Wireless Network Security Threats and Mitigation—A Survey


Mobile technology and wireless networking are the latest technologies finding their way in the US healthcare system. One major concern about the use of wireless technology in healthcare is that the signals traveling through the atmosphere are apt to be eavesdropped and intercepted. On the other hand HIPAA and HITECH Acts hold the healthcare organizations and their associates responsible for the health information security and privacy of the patients and the public. A survey was conducted to learn about the views of the health information technology (HIT) managers and users to gauge their gravity of concern about this issue. Majority of the interviewees expressed their reservations about the use of mobile technology till it becomes perfect and foolproof security can be enforced.

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Bajwa, M. (2014) Wireless Network Security Threats and Mitigation—A Survey. Open Journal of Business and Management, 2, 292-297. doi: 10.4236/ojbm.2014.24034.

1. Introduction

Being a significant part of our lives, wireless communication is one of the most commonly discussed topics. It has changed the way we live, work and communicate. Wireless technology implies sending and receiving messages by electromagnetic (EM) signals, principally radio waves, through the atmosphere (wirelessly) instead of the guided or wired media using copper or fiber optic cables [1] . Having emerged only in 1980s, it is the latest, yet the least understood, communication technology [2] . Its use in businesses, education and healthcare is gaining rapid momentum and includes e-Banking, e-Financing, e-Commerce, distance learning, and mobile health (mHealth) [3] .

Wireless communication technology has several advantages of being mobile and easy to install and maintain. However, being still in infancy, it is far from perfect; both protocols and services are still in the process of development. Like unique potentials, it has unique flaws, most significant being interception, and hence data and identity theft [4] [5] . Standard organizations and forums have not yet plugged the existing security holes. Because of these vulnerabilities, wireless technology has not gained the anticipated momentum and remained restricted to voice communication and non-sensitive data transmission till recently when considerable attention has been diverted to it because of its use in business and healthcare fields.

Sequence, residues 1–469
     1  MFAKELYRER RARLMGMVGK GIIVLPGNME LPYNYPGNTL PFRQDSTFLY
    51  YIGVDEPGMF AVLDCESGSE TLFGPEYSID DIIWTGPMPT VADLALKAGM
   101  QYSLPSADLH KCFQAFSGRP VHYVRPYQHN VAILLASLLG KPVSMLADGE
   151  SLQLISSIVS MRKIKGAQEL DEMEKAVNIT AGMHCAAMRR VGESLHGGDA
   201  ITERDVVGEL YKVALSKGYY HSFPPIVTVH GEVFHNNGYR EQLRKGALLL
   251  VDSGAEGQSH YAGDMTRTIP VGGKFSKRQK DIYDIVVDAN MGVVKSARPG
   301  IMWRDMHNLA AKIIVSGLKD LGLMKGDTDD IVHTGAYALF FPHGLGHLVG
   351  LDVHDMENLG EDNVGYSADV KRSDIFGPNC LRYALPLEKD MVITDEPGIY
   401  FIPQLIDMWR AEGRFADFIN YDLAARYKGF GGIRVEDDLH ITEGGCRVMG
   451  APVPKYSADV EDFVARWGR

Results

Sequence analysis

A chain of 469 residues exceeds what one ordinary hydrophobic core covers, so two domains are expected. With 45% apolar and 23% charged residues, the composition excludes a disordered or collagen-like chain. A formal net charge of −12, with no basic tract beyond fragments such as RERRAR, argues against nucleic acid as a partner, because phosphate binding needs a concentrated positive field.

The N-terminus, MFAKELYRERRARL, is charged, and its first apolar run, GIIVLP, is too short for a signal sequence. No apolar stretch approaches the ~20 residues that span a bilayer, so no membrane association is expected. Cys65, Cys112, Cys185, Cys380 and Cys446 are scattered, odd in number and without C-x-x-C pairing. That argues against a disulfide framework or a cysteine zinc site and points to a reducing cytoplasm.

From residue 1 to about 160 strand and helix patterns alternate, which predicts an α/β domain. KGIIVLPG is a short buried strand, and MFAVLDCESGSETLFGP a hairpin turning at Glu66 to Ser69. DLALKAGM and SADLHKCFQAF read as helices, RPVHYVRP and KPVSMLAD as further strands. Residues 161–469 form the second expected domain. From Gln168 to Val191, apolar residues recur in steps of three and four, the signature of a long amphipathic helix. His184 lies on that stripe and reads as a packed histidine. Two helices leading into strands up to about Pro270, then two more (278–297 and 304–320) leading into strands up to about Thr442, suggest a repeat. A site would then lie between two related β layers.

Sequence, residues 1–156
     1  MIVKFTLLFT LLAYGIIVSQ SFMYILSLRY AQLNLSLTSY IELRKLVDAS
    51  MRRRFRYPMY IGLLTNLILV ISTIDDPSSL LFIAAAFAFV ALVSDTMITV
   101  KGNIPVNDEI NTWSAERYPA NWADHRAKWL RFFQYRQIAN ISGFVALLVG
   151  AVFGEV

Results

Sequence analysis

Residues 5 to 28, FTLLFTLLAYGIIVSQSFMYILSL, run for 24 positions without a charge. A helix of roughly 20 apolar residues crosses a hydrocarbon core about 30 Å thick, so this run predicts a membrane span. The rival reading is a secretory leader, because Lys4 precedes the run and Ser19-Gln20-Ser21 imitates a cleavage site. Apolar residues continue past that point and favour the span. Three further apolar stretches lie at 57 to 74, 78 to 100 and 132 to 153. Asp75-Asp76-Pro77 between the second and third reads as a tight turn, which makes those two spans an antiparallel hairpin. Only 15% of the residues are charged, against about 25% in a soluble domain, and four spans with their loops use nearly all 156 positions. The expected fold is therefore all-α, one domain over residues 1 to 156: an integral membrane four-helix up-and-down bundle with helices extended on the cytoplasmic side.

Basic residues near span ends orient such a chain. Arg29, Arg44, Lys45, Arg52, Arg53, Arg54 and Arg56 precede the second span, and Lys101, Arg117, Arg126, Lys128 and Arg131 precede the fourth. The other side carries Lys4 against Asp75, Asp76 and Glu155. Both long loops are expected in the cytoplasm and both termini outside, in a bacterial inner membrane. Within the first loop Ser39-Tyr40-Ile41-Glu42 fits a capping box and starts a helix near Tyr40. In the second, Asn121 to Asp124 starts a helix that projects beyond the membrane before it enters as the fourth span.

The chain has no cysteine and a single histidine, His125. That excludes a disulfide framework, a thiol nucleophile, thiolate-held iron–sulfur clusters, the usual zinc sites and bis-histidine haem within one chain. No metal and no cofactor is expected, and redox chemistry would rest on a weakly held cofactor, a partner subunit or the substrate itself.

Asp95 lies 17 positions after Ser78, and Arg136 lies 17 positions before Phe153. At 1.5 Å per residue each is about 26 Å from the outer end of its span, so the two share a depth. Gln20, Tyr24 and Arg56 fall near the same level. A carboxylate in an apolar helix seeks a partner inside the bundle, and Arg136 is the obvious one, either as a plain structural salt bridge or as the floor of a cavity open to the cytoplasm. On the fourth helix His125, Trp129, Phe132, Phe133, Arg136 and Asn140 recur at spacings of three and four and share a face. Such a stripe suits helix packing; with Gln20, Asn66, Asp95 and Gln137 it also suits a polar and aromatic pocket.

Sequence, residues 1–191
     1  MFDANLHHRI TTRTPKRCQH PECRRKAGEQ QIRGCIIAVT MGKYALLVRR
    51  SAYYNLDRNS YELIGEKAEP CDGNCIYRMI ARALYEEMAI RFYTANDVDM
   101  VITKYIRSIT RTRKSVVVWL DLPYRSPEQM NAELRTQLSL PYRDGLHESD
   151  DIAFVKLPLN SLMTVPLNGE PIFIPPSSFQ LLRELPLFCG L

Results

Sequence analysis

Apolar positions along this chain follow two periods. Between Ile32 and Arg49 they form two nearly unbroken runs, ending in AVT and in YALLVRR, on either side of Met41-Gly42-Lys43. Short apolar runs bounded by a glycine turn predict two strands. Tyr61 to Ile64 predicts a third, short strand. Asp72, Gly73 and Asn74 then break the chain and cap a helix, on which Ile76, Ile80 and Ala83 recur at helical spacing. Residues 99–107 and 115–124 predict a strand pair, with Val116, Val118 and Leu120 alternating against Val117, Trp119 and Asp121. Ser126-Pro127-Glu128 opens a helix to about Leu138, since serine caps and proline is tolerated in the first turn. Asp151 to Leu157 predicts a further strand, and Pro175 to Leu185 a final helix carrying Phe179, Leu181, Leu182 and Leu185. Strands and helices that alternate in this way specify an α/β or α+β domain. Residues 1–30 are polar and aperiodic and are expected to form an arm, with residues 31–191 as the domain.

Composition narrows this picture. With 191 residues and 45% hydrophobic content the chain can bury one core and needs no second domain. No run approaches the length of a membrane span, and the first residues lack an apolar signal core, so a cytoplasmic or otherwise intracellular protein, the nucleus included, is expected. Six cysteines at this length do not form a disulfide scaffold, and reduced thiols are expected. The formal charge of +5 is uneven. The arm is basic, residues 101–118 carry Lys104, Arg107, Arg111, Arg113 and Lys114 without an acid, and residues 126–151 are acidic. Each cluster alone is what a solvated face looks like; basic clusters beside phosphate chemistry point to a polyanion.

This report provides an overview of the wireless technologies and then reviews results of a survey conducted to gain firsthand information on the use status of wireless devices, technologies in place, and security threats and their mitigation measures.

2. Wireless Technologies

The most common two technologies deployed for wireless networks are Infrared and Radio Frequency [6] .

2.1. Infrared Transmission

In Infrared (IR), data are transmitted as flashes or ON/OF light in binary code to represent 1 s and 0 s. IR devices could send direct and diffused transmission referred to as line-of-sight and reflected transmission. Since IR is not subject to interference by other transmission signals and cannot penetrate objects like walls, it is considered safe against eavesdropping. However, this advantage quickly translates into disadvantage as the IR devices have narrow coverage in terms of distance. Significant less speed of IR transmission than the wired networks is yet another disadvantage. Because of these limitations IR transmissions are normally restricted to special applications like data transfers between mobile devices and computers and printers. 

2.2. Radio Transmission

Being highly effective, it is the most common means of communication in today’s wireless networks. Here the data are transmitted as electromagnetic energy that travels as radio waves called Radio Frequency (RF). The technology is based on passing a current through a wire creating magnetic waves which radiate away from the source as radio waves in all directions. They not only can travel long distances, but can also penetrate non-metallic objects, like walls. This advantage of RF becomes disadvantage as the signals can be accessed by the hackers.

Data through radio waves can be transmitted in several ways [1] .

Frequency Modulation (FM): by varying frequency of wave or number of times that a wave completes cycles in one second.

Amplitude Modulation (AM): by varying height of each wave through application of differential voltage.